• Tiered fees – groupings of structures separating each card type – Visa, MasterCard, or American Express.

Also, watch out for additional fees such as the minimum payment processing fee.

3. Send order confirmation

After finalizing a purchase online, customers usually expect to get an order confirmation by email. You can confirm your customers’ orders both on the page of your online store and by email. Also, email can serve as another follow-up and a great opportunity to sell more. Check out how Gilt is doing it by offering free shipping for one hour after a customer pays for products. 

Gilt is a designer outlet and it seems that their core audience is people who are hunting for discounts. By providing them another incentive to search for more great deals, Gilt is getting customers back into the shopping mode. Most likely this online store is not spending money to subsidize additional shipping as with this short time frame all goods would most likely be shipped together.

Use order confirmation as another element of your sales strategy and don’t waste a chance to upsell or cross-sell some goods whenever possible.

4. Display credit card logos

When developing your store, add the logos of credit cards and other online payment methods. Not only does it make it easier for a user to find their favorite payment method faster when checking out, it also builds more trust. It works the same way on human psychology as if seeing the brand logos of clients on the home page.

Depending on whether you are using a pre-built solution or developing your store from scratch, adding logos to payment methods is a walk in the park.

5. Keep your brand visible throughout the checkout

Make your checkout process consistent with your brand and use your digital assets on every page of the checkout. Keeping your design consistent makes the transition from the product page to the checkout page more seamless and doesn’t raise red flags for customers.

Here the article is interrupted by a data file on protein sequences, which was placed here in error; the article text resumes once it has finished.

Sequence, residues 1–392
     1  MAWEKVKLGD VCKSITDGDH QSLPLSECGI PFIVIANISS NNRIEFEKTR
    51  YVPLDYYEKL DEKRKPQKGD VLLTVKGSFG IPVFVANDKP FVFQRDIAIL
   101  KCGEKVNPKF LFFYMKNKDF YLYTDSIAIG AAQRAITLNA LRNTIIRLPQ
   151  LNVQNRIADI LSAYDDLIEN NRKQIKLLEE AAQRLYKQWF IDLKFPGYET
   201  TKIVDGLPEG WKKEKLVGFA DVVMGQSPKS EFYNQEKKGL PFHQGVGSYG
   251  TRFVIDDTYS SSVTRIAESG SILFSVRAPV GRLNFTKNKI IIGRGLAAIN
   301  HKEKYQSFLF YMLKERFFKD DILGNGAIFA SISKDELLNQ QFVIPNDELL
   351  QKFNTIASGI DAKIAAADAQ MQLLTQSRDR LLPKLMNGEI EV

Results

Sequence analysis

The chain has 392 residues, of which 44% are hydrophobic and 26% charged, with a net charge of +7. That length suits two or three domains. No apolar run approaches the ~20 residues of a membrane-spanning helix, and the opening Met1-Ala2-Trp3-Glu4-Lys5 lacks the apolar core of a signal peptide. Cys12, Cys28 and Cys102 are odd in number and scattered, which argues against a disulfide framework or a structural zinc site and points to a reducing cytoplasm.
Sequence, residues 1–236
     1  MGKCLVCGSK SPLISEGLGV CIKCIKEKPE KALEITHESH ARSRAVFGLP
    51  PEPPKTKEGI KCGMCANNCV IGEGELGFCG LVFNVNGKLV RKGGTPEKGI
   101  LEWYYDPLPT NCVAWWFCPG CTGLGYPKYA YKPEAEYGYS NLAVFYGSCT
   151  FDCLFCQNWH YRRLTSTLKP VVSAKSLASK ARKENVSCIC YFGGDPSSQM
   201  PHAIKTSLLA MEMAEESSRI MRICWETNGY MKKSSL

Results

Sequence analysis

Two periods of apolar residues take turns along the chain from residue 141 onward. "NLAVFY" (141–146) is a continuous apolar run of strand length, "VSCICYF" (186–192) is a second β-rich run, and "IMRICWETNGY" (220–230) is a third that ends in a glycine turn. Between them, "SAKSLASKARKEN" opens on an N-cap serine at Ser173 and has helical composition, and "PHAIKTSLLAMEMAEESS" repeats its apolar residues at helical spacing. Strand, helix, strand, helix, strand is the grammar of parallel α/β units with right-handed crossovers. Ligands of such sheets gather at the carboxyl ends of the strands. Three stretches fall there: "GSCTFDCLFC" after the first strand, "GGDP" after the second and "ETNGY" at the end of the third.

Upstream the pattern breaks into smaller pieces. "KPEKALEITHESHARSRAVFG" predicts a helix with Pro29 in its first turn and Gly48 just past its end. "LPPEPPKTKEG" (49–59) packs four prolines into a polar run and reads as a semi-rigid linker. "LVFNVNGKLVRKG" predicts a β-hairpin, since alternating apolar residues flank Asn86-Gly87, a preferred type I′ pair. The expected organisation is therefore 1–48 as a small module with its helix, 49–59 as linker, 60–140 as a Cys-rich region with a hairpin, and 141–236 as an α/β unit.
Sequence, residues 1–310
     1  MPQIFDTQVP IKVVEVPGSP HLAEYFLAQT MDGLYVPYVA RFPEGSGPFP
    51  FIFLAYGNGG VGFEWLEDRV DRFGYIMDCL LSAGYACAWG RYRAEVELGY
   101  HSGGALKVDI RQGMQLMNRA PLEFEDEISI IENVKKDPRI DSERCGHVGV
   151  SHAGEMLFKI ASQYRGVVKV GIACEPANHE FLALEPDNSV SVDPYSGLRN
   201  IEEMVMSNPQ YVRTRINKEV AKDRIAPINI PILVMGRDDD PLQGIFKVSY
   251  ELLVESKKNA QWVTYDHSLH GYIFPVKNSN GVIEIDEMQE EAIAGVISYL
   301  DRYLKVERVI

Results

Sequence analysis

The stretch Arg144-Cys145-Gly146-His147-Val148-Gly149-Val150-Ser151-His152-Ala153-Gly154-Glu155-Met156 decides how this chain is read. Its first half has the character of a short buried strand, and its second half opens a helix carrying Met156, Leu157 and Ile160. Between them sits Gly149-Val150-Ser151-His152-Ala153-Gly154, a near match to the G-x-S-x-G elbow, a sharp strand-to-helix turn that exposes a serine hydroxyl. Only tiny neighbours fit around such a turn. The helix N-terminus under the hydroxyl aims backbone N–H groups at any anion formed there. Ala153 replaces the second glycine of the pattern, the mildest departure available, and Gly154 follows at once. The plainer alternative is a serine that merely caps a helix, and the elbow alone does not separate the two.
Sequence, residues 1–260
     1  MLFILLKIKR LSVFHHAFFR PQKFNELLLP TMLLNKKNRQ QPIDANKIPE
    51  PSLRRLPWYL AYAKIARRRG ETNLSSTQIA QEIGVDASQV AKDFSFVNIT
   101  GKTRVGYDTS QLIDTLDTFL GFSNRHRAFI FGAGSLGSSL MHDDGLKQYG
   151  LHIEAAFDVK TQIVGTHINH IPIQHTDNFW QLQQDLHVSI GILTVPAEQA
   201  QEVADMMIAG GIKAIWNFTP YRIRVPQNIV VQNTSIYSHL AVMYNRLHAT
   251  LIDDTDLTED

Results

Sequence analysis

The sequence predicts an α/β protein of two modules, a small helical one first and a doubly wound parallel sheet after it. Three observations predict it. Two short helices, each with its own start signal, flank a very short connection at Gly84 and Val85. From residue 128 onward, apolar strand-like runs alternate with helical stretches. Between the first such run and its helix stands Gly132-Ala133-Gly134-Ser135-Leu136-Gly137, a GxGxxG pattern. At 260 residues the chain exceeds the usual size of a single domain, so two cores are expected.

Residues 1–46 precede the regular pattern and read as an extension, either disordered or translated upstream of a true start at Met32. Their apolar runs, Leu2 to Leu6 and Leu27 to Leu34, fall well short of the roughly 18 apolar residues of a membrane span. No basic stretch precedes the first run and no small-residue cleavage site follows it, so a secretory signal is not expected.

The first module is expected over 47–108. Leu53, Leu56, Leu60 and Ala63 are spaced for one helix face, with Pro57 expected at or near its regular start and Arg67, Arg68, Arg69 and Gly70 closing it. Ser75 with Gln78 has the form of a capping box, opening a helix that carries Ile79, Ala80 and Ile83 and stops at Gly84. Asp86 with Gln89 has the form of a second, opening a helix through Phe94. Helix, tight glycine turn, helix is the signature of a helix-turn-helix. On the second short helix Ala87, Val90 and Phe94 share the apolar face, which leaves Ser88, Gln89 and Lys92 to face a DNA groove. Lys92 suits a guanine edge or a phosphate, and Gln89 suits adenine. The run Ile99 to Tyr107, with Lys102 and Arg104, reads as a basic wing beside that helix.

For example, this online store is using the same brand colors, adds a brand logo, and, in general, keeps the design of the checkout process similar to their main page.

Make your checkout pages simplistic. This will help to focus your user attention on the important task to complete – finalizing a purchase.

6. Remove surprise costs and fees

Don’t show additional fees to your customers last minute when they are in the middle of finishing their purchase. It can lead to a drop in conversion. Your customers can perceive all sorts of hidden costs as a way to conceal the real price and deceit them. 

While some customers can understand why eCommerce businesses impose shipping fees, who wouldn’t want to buy the products that come with free shipping? 

However, there is never a free lunch and, as an eCommerce business, you need to pay for a delivery from your pocket. That’s why you always have to account for your fees by adding them to your final price. 

Next steps

No matter if you are just starting an eCommerce business or aiming to take the existing one to the next level, digital payments are a key to your success. Don’t de-prioritize digital payments and a better checkout experience as more payment methods can help you stand out from competitors and increase online sales. Hopefully, with the tips we have shared today, it will be easier for you to get started!

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Margo Ovsiienko is an experienced marketing leader and product manager. She's a contributor to Flippa, CoSchedule, Keap, Single Grain, Jeff Bullas, and more respected websites.

New York, NY